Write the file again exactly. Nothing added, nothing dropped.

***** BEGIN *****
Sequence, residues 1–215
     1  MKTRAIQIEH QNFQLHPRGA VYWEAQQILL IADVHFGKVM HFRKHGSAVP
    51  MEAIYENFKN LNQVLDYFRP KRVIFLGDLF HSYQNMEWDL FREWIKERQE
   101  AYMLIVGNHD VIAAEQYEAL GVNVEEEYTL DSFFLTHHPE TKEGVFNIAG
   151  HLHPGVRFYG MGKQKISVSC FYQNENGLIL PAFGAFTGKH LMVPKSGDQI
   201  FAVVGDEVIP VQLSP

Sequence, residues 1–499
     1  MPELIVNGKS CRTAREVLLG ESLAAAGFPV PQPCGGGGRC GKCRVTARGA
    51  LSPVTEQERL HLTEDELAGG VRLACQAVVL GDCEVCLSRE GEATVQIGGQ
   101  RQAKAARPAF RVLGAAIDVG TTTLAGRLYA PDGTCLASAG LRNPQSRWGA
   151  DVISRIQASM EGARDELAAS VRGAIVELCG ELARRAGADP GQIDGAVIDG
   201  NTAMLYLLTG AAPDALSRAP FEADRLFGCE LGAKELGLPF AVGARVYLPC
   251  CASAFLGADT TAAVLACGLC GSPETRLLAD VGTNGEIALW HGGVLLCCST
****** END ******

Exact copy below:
Sequence, residues 1–215
     1  MKTRAIQIEH QNFQLHPRGA VYWEAQQILL IADVHFGKVM HFRKHGSAVP
    51  MEAIYENFKN LNQVLDYFRP KRVIFLGDLF HSYQNMEWDL FREWIKERQE
   101  AYMLIVGNHD VIAAEQYEAL GVNVEEEYTL DSFFLTHHPE TKEGVFNIAG
   151  HLHPGVRFYG MGKQKISVSC FYQNENGLIL PAFGAFTGKH LMVPKSGDQI
   201  FAVVGDEVIP VQLSP

Sequence, residues 1–499
     1  MPELIVNGKS CRTAREVLLG ESLAAAGFPV PQPCGGGGRC GKCRVTARGA
    51  LSPVTEQERL HLTEDELAGG VRLACQAVVL GDCEVCLSRE GEATVQIGGQ
   101  RQAKAARPAF RVLGAAIDVG TTTLAGRLYA PDGTCLASAG LRNPQSRWGA
   151  DVISRIQASM EGARDELAAS VRGAIVELCG ELARRAGADP GQIDGAVIDG
   201  NTAMLYLLTG AAPDALSRAP FEADRLFGCE LGAKELGLPF AVGARVYLPC
   251  CASAFLGADT TAAVLACGLC GSPETRLLAD VGTNGEIALW HGGVLLCCST